# Page:Popular Science Monthly Volume 13.djvu/611

593
AN INFANT'S PROGRESS IN LANGUAGE.

out to us, and with triumphant affirmation, "Clean!" (Kle’n). Here we have not merely vocal signs, but intercourse by speech—one may say an elementary form of repartee and argument. She can now say "yes" (es, or is, sometimes as) and "no" in answer to questions with fair intelligence, though she sometimes answers at random, and sometimes gives the wrong answer on purpose for a joke. One of her new words is fa-ni (funny), which she uses in a wider sense than adults, for anything that pleases and surprises her. The imitative name for the cat is dropped, and she now says (for "pussy") pü-si (ü as in South-German, coming very near to i). "Funny" is also used to disguise fear, e. g., on being introduced to a strange dog. When left to play alone she talks to herself constantly. The staple of one of these monologues (March 10th) was á-diá (formed on "O dear"). I half suspect a dramatic intention in her proceedings.

The peculiar short sound of English a (represented by æ in Mr. Ellis's general notation) is now forming. She can say "bag" nearly like an adult. But, as a rule, she still substitutes (Indian) a or á, saying, e. g., "cub," or "kahb," for "cab."

Twenty-one months. Progress is now less marked and rapid. New words continue to be acquired, but the power of putting them together does not seem to increase much. The child is, however, now more or less able to answer direct as distinguished from leading questions. Thus, when she had been paying a visit to some relations and cried to go home, she gave afterward (March 17th) a pretty connected account of it in monosyllabic answers. Q. What did you do to-day at——? A. Klai ("cry"). Q. And what did you cry for? A. Ham ("home," i. e., I cried to go home). Also, when told not to handle a forbidden object, such as a knife, she will say, in a tone of intelligent acquiescence: No—dá dá (i. e., I may not have that, but dá dá may). One trisyllable is in common use: Tenisi ${\displaystyle =}$ Tennyson, an illustrated edition, which divides her attention with Vats (Watts).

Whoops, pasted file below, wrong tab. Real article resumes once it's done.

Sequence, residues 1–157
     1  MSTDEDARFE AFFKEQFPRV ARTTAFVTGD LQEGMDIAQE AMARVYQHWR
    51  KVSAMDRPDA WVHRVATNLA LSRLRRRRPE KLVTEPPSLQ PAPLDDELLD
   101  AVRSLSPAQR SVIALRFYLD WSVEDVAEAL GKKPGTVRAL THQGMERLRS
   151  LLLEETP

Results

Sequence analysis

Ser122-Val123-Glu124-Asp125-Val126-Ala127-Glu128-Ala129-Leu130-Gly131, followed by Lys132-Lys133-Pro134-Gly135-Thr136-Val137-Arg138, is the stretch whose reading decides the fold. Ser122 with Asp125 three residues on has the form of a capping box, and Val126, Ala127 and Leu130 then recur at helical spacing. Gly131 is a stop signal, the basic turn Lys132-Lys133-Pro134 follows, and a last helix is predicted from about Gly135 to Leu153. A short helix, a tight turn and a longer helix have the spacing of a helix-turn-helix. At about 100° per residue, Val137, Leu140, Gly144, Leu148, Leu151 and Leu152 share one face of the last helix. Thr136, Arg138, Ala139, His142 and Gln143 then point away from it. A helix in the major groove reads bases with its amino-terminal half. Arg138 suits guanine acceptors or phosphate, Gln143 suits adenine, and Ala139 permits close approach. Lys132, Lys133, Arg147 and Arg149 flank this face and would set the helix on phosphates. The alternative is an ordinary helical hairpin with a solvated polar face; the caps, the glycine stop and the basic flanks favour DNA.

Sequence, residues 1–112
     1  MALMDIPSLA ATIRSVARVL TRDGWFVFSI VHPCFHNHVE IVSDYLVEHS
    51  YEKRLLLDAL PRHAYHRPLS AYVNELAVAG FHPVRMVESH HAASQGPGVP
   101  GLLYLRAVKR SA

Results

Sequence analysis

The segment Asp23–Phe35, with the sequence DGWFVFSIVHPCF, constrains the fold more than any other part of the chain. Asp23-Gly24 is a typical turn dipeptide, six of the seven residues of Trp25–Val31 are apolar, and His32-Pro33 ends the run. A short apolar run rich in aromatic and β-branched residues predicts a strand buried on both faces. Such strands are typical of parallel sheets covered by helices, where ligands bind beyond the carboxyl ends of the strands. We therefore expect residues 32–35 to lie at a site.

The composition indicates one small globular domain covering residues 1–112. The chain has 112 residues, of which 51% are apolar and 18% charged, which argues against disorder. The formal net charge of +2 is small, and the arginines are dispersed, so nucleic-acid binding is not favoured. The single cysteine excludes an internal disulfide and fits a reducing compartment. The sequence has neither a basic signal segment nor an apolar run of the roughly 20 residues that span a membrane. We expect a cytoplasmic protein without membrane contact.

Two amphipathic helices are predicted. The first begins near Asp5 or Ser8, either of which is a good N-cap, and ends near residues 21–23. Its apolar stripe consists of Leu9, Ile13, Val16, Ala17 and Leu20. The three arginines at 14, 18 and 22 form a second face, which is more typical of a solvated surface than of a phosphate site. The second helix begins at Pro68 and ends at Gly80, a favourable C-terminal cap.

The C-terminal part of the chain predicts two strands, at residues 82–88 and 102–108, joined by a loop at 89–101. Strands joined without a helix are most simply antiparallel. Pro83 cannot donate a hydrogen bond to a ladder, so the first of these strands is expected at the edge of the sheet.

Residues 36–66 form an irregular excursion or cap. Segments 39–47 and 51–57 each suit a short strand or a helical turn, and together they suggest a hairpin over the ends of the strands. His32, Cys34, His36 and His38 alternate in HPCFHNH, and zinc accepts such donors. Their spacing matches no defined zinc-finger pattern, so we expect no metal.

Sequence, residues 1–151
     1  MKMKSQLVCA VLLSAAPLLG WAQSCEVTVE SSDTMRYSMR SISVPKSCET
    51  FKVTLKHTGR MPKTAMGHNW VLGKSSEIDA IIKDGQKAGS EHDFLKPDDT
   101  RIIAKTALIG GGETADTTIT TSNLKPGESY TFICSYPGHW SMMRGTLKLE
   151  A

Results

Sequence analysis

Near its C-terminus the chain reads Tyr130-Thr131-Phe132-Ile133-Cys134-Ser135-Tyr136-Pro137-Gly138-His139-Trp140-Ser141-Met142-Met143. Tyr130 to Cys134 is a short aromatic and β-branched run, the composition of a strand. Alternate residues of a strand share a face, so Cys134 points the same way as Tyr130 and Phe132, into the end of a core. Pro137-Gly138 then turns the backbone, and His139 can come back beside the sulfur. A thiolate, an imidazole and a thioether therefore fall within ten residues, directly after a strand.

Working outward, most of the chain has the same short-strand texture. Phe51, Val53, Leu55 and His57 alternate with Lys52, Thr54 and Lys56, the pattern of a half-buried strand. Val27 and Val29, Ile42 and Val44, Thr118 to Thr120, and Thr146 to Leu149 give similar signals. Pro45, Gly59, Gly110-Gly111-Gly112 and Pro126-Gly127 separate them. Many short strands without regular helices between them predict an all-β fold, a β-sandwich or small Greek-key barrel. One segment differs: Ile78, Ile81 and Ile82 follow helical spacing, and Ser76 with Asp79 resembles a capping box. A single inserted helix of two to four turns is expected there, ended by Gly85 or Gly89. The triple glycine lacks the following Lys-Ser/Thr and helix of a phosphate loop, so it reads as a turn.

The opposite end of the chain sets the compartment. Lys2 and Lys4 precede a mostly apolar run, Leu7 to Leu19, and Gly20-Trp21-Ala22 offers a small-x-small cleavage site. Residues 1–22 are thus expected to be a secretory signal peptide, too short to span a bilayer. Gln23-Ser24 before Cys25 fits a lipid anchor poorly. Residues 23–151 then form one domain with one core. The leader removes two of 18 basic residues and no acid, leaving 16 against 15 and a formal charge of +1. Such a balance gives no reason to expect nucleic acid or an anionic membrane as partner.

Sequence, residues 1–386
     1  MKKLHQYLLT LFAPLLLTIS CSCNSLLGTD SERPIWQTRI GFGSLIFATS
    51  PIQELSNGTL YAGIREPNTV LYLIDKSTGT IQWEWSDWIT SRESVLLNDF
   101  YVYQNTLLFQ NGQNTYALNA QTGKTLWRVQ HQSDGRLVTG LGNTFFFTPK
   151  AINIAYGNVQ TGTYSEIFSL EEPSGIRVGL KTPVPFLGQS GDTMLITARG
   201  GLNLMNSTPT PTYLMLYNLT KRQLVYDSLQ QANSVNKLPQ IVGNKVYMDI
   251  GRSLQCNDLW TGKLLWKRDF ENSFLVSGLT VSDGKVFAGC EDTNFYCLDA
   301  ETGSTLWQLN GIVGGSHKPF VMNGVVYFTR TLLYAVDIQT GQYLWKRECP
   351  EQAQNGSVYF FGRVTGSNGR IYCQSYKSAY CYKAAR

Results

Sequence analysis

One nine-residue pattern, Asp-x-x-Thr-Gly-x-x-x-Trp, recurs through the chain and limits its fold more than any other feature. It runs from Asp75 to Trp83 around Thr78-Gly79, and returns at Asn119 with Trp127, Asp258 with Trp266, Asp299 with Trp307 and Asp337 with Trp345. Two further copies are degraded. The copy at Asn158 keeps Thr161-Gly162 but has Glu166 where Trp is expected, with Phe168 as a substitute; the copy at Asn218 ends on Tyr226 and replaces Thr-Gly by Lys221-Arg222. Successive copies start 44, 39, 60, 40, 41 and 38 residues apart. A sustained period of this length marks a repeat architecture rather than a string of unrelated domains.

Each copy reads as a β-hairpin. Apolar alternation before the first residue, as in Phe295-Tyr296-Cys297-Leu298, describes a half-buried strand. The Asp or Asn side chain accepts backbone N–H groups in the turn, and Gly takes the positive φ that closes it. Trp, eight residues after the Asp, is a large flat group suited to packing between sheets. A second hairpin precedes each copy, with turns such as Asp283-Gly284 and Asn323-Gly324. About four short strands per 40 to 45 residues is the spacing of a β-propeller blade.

As to sounds, r is generally replaced by l or ll, or (approximately) hl: hlan or llan ${\displaystyle =}$ "run." The prosthetic initial sound for words beginning with vowels is now zh, or an aspirated y.

She begins, too, to put now and then a substantive and adjective together: "clever baby," "happy man" (in picture); the meaning of which she now seems to understand well enough.

Twenty-one and a half months. There is now a distinct advance in constructive power. Substantives and adjectives are freely put together (e. g., "dirty boots"), and I have noted one instance of the use of a real predicate, so as to form a complete proposition. The child had been told, half in joke, that cabs were dirty as compared with her perambulator. For some days she had been accustomed to say "dirty" on the mention of cab, "clean" on the mention of perambulator. Now